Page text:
It is the view of the County that the various claims advanced by the Union relative to who did and did not work during the layoff are unsupported by the record. Specifically, no part-time employee, seasonal employee, or temporary employee worked during the layoff. It is the view of the County that a simultaneous layoff of all unit employees satisfies the last hired, first laid off provision. The County regards the bumping provision as inoperative in that there were no services being provided during the period of layoff, and thus, no place to bump. It is the view of the County that there was a budget shortfall, necessitating cuts. The layoff was a legitimate response. The County subcontracts work. Nothing in the record suggests that there is any connection between the subcontracting and the layoffs. The County notes that it has no control over employees of the subcontractor, and is in no position to initiate layoffs of subcontracted employees.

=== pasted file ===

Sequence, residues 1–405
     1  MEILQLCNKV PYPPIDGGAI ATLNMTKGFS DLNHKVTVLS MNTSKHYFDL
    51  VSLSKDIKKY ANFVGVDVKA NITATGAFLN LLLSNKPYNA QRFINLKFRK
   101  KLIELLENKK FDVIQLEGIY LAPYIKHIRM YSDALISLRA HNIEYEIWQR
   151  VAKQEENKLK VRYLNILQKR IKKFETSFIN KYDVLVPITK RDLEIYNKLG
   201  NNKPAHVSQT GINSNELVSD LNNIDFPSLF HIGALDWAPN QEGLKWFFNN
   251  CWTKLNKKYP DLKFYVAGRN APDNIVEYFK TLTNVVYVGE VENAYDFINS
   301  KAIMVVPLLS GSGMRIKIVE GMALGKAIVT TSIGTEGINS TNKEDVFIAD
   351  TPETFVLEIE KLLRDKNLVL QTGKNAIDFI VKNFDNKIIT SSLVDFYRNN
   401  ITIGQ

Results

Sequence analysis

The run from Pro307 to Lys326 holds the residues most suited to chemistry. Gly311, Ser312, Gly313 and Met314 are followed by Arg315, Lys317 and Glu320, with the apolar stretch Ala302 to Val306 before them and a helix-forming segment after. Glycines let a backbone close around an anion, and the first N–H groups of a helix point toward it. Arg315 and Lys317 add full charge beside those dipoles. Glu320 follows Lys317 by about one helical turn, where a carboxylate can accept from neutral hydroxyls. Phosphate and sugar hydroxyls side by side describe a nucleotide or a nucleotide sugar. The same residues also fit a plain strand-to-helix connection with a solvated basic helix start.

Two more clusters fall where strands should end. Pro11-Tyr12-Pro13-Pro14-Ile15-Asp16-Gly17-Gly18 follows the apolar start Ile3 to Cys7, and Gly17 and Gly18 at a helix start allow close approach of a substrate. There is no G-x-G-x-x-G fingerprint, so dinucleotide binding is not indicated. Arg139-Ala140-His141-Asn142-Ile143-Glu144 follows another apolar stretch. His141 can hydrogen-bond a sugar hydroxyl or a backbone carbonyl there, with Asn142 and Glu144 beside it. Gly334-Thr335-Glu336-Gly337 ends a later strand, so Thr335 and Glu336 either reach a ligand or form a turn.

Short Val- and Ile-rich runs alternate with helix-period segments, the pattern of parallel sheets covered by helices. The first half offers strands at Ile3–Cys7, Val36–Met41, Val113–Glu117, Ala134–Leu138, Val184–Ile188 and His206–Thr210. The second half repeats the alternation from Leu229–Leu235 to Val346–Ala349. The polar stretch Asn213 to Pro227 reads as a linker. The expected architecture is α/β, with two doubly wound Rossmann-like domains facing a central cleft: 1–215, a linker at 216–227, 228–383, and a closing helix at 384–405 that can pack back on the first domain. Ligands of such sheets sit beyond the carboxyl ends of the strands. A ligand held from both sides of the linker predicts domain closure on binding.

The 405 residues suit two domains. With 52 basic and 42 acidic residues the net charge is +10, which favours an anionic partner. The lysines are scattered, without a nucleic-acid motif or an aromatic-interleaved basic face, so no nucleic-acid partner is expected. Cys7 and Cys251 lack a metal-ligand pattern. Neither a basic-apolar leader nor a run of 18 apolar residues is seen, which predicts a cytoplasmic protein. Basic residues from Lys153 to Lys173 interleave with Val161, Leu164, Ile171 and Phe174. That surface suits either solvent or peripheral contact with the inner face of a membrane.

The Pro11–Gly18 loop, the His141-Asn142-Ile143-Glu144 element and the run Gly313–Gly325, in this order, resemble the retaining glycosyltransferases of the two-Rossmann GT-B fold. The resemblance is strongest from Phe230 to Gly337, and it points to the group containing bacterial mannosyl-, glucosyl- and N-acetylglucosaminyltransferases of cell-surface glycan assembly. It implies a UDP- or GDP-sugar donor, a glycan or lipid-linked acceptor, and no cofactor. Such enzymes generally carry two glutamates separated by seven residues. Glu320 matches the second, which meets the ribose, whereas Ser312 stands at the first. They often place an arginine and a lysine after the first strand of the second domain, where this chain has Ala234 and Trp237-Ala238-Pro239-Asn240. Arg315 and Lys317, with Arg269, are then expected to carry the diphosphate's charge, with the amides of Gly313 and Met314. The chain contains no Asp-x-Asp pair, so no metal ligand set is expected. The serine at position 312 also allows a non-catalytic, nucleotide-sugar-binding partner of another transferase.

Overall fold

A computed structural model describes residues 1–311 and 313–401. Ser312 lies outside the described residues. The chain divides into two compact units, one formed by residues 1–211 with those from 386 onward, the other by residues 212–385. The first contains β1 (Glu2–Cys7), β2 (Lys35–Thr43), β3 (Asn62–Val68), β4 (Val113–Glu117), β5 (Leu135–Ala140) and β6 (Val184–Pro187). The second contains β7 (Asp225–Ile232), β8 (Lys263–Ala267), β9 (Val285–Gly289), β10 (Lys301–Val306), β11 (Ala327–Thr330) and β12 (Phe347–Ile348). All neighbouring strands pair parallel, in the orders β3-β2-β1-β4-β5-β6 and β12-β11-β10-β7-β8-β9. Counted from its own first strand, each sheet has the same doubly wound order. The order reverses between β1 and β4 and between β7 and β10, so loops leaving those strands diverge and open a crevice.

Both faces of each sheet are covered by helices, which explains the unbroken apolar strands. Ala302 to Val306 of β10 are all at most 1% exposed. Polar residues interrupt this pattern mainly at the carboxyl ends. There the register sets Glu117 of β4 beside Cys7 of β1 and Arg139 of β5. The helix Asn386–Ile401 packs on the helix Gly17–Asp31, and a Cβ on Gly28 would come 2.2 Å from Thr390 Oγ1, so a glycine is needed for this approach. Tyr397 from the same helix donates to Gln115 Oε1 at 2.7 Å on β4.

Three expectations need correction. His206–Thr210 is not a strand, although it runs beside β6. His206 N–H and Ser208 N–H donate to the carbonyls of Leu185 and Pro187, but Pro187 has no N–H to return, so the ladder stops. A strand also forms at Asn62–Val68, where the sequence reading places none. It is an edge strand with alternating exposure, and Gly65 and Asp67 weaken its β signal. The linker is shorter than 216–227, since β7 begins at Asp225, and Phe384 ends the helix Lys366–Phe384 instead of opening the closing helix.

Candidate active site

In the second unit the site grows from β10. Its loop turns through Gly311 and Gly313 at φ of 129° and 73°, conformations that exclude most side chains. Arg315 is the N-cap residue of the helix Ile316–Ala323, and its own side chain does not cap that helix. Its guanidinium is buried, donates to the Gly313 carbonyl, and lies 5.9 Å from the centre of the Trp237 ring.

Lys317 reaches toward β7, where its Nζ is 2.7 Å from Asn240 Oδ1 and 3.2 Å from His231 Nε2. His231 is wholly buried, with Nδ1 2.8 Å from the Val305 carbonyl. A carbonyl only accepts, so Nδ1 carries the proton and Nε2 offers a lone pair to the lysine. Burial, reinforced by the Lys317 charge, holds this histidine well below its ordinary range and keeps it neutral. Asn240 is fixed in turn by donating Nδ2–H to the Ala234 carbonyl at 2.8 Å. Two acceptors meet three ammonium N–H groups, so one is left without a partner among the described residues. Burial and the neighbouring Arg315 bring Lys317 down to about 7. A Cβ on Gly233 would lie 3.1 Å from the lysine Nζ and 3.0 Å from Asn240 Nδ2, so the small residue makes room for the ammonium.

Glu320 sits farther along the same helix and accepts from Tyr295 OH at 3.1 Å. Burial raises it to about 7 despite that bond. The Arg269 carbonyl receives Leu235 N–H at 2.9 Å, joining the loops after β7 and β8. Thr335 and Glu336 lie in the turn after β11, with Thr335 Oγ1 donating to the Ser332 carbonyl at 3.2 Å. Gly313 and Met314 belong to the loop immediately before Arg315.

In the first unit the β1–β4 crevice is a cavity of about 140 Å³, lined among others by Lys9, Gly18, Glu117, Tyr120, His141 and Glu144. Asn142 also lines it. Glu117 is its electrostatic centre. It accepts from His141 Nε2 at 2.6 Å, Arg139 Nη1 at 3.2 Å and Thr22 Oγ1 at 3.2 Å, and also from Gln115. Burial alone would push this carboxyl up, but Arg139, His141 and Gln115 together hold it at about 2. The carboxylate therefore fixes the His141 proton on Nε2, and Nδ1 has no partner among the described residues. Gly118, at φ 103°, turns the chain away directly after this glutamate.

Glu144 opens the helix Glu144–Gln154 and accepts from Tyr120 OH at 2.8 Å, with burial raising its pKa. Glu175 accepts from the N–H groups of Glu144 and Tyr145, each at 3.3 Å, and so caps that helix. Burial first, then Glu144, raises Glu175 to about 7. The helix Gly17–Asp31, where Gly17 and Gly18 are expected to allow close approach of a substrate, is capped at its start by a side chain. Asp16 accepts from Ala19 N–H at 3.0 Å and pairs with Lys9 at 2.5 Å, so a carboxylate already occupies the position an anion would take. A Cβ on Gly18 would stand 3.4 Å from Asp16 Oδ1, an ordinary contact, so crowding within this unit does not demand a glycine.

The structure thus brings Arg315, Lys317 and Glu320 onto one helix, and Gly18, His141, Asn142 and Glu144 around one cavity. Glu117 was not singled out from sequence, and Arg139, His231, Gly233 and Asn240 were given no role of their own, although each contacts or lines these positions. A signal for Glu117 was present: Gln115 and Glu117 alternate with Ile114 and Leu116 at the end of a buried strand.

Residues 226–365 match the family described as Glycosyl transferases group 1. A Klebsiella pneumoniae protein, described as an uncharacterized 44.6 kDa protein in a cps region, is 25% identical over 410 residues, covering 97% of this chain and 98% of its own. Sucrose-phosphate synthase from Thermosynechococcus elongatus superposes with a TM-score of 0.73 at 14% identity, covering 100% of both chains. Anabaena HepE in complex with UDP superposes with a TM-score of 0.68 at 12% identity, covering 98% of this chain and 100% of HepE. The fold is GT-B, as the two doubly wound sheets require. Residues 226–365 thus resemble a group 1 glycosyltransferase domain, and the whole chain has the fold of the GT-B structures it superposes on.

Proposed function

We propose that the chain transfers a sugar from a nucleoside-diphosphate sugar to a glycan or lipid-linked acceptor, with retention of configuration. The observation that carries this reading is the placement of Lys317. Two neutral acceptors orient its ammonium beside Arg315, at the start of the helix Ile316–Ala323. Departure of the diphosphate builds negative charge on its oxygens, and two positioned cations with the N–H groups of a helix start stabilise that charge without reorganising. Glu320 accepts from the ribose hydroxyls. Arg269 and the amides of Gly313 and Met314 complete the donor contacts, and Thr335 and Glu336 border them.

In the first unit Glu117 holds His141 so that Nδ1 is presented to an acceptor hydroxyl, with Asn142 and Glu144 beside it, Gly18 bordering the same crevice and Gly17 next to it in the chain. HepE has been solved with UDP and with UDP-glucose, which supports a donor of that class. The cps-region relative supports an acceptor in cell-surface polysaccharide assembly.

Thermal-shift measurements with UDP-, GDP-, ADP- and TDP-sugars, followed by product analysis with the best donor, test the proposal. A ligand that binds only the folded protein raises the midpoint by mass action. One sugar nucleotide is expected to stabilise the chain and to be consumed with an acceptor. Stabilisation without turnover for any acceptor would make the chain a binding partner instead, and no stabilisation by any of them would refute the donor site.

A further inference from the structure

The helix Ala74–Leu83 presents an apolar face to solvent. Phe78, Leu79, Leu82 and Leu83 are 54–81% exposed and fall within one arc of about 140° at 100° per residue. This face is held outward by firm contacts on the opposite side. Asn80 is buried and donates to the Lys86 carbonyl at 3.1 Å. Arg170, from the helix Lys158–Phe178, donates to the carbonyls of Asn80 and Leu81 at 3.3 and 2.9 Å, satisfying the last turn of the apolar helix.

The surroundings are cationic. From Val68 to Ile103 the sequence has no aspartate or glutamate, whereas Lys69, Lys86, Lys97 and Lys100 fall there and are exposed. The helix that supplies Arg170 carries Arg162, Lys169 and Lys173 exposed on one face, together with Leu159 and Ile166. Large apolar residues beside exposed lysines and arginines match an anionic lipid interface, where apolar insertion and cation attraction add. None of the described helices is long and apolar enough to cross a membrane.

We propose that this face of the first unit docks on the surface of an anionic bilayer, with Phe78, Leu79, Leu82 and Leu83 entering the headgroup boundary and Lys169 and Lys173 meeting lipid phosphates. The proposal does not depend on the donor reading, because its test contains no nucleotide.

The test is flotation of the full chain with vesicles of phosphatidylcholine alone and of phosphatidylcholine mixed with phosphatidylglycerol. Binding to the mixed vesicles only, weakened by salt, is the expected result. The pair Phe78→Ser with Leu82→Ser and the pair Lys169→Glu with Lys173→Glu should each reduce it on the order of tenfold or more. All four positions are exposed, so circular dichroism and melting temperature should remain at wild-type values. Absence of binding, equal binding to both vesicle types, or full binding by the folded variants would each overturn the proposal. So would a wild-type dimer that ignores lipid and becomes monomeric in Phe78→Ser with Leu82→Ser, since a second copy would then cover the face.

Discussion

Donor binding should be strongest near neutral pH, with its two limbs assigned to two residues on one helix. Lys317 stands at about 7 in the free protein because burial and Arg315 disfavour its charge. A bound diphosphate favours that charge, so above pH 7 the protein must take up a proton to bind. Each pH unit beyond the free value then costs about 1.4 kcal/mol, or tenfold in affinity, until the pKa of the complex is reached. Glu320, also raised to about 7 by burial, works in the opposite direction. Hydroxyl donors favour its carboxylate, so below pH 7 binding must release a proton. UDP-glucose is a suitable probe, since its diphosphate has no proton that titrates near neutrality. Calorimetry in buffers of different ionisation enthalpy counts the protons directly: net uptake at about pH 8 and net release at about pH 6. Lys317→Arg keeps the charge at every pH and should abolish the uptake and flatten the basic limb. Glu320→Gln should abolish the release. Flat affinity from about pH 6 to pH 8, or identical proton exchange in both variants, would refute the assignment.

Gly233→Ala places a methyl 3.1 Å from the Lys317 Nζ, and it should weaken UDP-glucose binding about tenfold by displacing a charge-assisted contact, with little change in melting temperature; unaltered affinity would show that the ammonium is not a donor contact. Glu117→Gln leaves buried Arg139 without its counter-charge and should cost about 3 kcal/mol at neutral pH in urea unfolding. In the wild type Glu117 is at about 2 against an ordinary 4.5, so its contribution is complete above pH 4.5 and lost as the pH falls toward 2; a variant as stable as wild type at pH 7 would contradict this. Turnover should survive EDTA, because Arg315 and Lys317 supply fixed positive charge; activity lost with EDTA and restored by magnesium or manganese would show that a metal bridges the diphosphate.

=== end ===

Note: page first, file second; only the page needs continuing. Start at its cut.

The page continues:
The County points to Article 3, "Managements Rights", and contends that its actions in laying off employees is specifically authorized. It is the burden of the Union to demonstrate that another provision of the agreement has been violated. The County claims that the Union has failed to meet this burden. The County contends that Article 23 is not a no layoff guarantee, but rather a clock pattern provision. It is the view of the County that Article 23 sets forth the hours employees will be scheduled to work if they are scheduled to work at all. The County notes that there are part-time employees. If Article 23 is to be read as a guarantee of hours for all, how could part-time employees exist? Article 23 (B) allows for flexing up to 76 hours. If all employees are guaranteed to work all the hours described in Article 23 why would the words "up to" appear in Article 23 (B)? Similarly, why would the number of hours budgeted appear in an Article that has guaranteed the right to work hours.